There have been many stories in recent years about families getting kicked off flights, and many of these families include children with Special Needs.
Kids with Autism have difficulties with an overload of the senses - sights, sounds, smells. Imagine that the individual smells of all of those people on the plane hitting your nose all at once. (I have problems with this as well; I usually get seated next to someone who has doused themselves in perfume!) Imagine the man faces of security, flight attendants, other passengers all flashing by you at a rapid pace. Imagine the sounds of the flight attendants making an announcement over the loudspeaker, the noise of the crowds, the beeps of the metal detectors bombarding your ears. Kids with Autism take all of this in at once, and have no filter to make sense of it all.
And the whole airport and flying experience may be out of their regular routine. No school, away from home , perhaps trying something new for the first time, it can certainly set off kids with Autism, and they sometimes do not know how to channel this anxiety and stress, causing meltdowns.
Being a parent of a child with Autism myself, I understand the anxiousness parents of children with Special Needs feel as they contemplate traveling. "We would love to take a trip, but I don't know how he/she would do on the flights? What if something sets him/her off getting through security? Getting on the plane? What if we get kicked off the flight?"
Some parents won't even take a vacation, because of all of these fears. Which is so sad, because these are the families that need a vacation the most.
A local agency in Rochester, New York that services families with Special Needs, the ARC of Monroe County, offers a wonderful program that introduces the experience of going through security at the airport and boarding an airplane. Since I serve many families with Autism at my travel agency, Magical Storybook Travels, I recently attended the "ROC Your Flight" event at the Rochester International Airport. I brought along my son, Emerson, as a guinea pig, so that I could document the experience for this article.
My son, Emerson, has Sensory Processing Disorder and Speech Apraxia. He's 7 years old, and since our family travels frequently, he's a little expert in flying by now, but he was willing to attend with me, so that I could see the experience through a child's eyes, as well as an adult's eye.
The presentation was approximately an hour and a half. The first part, which lasted 45 minutes, was a presentation from a TSA Agent and a representative from the ARC of Monroe County.
The two spoke of travel planning, what to pack, and regulations about TSA checkpoints. They also answered questions like "How do you get a child in a wheelchair through metal detectors?" and "What about liquids, like medicine or feeding tube formula?" and "How does the TSA handle flyers who do not like to be touched during the security process?"
The TSA and the ARC of Monroe County also provide handouts about the TSA website, a list of prohibited items, and information about how to enroll in the TSA Pre-Check program.
This part of the presentation is very informative for parents, and many questions can be answered directly during this portion of the program. This part of the program is not interactive for the children, and if you have a child that will have difficulty sitting for a 45 minute period, you may want to bring something that will help them with that. Perhaps a hand-held game or a video?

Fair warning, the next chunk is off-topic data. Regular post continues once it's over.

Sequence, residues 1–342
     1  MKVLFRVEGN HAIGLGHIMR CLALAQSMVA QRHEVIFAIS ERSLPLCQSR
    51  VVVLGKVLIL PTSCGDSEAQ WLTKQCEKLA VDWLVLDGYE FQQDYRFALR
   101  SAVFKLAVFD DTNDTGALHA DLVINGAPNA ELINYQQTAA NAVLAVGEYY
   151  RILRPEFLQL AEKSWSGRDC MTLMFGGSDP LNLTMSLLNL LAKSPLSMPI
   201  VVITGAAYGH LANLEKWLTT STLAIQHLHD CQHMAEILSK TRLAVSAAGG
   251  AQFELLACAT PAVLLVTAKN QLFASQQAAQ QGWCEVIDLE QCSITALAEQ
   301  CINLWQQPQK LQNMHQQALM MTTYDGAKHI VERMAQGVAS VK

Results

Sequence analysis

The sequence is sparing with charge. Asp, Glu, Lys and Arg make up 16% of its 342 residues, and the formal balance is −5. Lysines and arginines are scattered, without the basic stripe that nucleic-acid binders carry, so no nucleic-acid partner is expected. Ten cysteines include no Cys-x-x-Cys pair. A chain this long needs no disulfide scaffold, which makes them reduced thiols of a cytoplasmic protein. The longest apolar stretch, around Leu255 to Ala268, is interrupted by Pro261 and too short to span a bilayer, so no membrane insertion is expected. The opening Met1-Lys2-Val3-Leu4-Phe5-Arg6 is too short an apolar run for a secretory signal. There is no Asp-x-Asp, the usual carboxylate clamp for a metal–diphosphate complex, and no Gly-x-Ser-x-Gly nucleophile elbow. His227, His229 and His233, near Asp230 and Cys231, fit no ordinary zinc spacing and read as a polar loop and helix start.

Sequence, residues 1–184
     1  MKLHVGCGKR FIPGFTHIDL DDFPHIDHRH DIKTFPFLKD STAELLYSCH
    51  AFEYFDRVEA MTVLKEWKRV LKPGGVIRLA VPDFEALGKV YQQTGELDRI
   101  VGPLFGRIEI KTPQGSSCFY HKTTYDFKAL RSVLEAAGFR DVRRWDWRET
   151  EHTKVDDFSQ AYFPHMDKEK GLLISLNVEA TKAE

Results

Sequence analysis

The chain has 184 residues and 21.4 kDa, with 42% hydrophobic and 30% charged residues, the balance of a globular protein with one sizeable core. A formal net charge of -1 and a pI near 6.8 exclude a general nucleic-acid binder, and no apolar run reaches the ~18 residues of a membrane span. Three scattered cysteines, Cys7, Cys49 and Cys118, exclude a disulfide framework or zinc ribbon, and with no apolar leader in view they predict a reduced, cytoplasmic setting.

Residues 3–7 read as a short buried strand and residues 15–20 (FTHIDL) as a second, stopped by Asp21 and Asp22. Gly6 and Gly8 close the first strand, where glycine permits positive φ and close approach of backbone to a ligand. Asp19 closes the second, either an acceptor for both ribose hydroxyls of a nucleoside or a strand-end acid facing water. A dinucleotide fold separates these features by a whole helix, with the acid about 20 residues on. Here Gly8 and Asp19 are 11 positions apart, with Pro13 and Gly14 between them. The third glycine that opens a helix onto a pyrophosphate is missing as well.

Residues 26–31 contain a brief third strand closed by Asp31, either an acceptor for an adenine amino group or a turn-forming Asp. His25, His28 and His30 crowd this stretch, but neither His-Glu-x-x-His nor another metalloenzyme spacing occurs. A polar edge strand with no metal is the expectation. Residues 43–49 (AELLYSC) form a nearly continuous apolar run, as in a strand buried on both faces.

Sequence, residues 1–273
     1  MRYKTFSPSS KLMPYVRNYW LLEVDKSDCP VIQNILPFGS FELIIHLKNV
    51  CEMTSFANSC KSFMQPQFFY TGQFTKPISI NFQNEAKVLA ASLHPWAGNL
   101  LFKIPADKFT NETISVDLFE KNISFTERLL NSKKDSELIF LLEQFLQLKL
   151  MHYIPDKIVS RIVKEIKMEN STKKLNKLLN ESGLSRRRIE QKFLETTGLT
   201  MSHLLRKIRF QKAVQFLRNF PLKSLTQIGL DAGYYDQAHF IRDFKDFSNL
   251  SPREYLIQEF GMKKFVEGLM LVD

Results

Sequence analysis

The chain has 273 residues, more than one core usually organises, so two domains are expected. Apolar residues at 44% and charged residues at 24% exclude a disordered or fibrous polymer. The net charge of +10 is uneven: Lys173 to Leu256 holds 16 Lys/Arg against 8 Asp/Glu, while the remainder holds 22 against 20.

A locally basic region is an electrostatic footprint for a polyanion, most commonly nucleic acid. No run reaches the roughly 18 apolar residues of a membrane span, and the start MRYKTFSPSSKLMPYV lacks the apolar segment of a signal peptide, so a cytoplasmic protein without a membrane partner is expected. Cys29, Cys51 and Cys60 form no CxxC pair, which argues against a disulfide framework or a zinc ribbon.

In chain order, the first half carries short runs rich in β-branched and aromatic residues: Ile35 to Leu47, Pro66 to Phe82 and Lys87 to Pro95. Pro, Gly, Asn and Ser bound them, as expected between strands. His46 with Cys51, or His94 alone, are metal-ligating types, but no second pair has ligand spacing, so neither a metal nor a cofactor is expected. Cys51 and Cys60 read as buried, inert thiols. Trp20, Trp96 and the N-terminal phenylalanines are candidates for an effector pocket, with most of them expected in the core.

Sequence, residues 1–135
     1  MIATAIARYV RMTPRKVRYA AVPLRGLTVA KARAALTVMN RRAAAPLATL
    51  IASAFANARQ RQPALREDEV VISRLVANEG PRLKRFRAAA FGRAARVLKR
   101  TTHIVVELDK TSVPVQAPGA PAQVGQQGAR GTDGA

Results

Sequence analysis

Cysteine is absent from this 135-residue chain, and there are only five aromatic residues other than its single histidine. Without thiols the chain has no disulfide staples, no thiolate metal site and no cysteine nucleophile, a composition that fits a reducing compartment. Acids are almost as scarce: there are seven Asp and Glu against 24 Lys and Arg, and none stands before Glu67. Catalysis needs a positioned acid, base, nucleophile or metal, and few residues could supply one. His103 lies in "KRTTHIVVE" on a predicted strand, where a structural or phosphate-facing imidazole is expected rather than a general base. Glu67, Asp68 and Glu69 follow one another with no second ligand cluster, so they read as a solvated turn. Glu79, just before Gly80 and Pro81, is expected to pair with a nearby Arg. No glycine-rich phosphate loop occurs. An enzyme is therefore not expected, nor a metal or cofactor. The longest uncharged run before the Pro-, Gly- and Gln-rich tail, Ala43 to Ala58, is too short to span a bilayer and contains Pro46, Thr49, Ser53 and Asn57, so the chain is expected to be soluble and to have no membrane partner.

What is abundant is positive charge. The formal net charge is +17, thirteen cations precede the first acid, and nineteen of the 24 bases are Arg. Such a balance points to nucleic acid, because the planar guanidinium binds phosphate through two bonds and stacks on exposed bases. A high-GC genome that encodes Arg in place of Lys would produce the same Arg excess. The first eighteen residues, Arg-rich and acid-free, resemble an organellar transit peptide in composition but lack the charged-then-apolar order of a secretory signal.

After the presentation part of the program is completed, it's time to get the kids ready to practice going through security. Since those attending the program are required to pre-register, the TSA already has the names of the adults and children, so no need for a boarding pass. Adult attendees must bring a photo I.D. to participate.
The children walk through the queue towards the TSA agent for check-in.
Once checked by the TSA Agent, children are shown to the conveyor belts and can practice getting a bin, taking off jackets and carry-on items, and sliding them towards the scanners. Once this is done, the kids can walk through the metal detectors with the assistance of an adult.
Children under 12 do not have to remove their shoes, but if they do, they can practice this as well.
Once everyone is the program has cleared security, the group walks to the gate of the "practice plane." Here we are greeted by a Delta representative at the gate.
The children are then allowed to walk down the ramp to the awaiting airplane. This may be a scary prospect for some children with Autism, so being able to practice his ahead of a real flight is very helpful.
Once on the airplane, the children can find seats and practice putting on their seat belts. One of the flight attendants comes by and passes out pretzels or cookies (If your child has a food allergy, you may want to bring an acceptable snack to give your child at this point).
When the children are ready to leave, they practice deboarding the plane and walking back up the ramp to the terminal again.
Back in the terminal, the ARC of Monroe County has a special take-away for the children - Wings!
The "practice" portion of the program, from security to gate to plane and back again, takes 45 minutes.
ARC of Monroe County holds the ROC Your Flight program several times a year and stresses that children can participate multiple times, if they need to go over the process more than once. Pre-registration is required, so be sure to sign up in advance.
Many children with Autism do well with prior practice of a skill, before the actual event. The ROC Your Flight Program aims to provide just that -- PRACTICE.
If you have questions about this program, please feel free to contact Magical Storybook Travels for more information. 585-880-6951 or email@example.com